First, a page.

Seven Men: And the Secret of Their Greatness
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In Seven Men, New York Times best-selling author Eric Metaxas presents seven exquisitely crafted short portraits of widely known—but not well understood—Christian men, each of whom uniquely showcases a commitment to live by certain virtues in the truth of the gospel.
Written in a beautiful and engaging style, Seven Men addresses what it means (or should mean) to be a man today, at a time when media and popular culture present images of masculinity that are not the picture presented in Scripture and historic civil life. What does it take to be a true exemplar as a father, brother, husband, leader, coach, counselor, change agent, and wise man? What does it mean to stand for honesty, courage, and charity, especially at times when the culture and the world run counter to those values?
Each of the seven biographies represents the life of a man who experienced the struggles and challenges to be strong in the face of forces and circumstances that would have destroyed the resolve of lesser men. Each of the seven men profiled—George Washington, William Wilberforce, Eric Liddell, Dietrich Bonhoeffer, Jackie Robinson, John Paul II, and Charles Colson—call the reader to a more elevated walk and lifestyle, one that embodies the gospel in the world around us.
other charities that, unbeknownst to the public, benefited from presidential largesse. Even leftovers from the executive mansion were transferred to a prison for needy inmates.30 Many of us are familiar with the oft-quoted lines in Washington’s Farewell Address in 1796: “Of all the dispositions and habits which lead to political prosperity, religion and morality are indispensable supports.” But we’re likely less familiar with the rest of the passage, in which Washington warns that “reason and
experience both forbid us to expect that national morality can prevail in exclusion of religious principle.”31 As “national morality” is at the heart of self-government, this is an especially important statement. It says much about Washington’s character that, following General Cornwallis’s surrender, Washington told his men to treat their defeated foes with respect and to refrain from shouting taunts and insults at them. “It is sufficient for us that we witness their humiliation,” he said.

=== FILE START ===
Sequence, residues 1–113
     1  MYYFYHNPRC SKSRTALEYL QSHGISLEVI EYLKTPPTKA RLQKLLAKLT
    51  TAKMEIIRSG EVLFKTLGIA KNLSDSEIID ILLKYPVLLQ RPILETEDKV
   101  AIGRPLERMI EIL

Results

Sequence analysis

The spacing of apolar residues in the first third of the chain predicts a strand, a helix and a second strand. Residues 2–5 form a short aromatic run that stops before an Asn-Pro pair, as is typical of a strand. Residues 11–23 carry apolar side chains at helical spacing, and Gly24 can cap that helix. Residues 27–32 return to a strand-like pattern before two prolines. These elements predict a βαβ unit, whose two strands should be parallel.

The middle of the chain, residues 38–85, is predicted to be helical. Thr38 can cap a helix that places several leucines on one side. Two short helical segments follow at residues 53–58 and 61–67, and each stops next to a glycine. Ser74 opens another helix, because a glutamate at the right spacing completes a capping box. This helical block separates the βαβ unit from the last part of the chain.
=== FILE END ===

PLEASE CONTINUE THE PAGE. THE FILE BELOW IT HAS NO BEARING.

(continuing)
Ernest, who had returned to Scotland for another furlough. In February 1921, Eric entered the University of Edinburgh, where he studied physics and chemistry. Amazingly, given his heavy academic schedule, taking part in his beloved sports did not even occur to Eric at this time. But within a few weeks, a fellow classmate wheedled him into participating in the University Athletic Sports Day in late May. On the day of the competition, Eric’s time of 10.4 seconds in the 100-yard dash—which was not
chess with them, and had them bring their parents to church-organized functions.8 In 1960, at the age of forty, Karol published his first book, Love and Responsibility, which had grown out of his work with young adults, especially engaged couples and newlyweds. In it he tackled some of the most contentious issues of the era. The Catholic Church’s positions on marriage, sexuality, and family life were under direct assault by the Communist government, and Karol, in his pastoral work, was dealing
forces. But Chuck’s parents were ambitious, too, and they made many sacrifices so their only child could attend the prestigious Browne and Nichols School in Cambridge, Massachusetts. It was one of those schools whose raison d’etre seemed to be getting its students into the Ivy League. In Chuck’s case, it succeeded. In fact Chuck was offered two full college scholarships: one to Harvard and another, a Navy ROTC scholarship, to Brown. In what happened next, we see an early instance of Chuck’s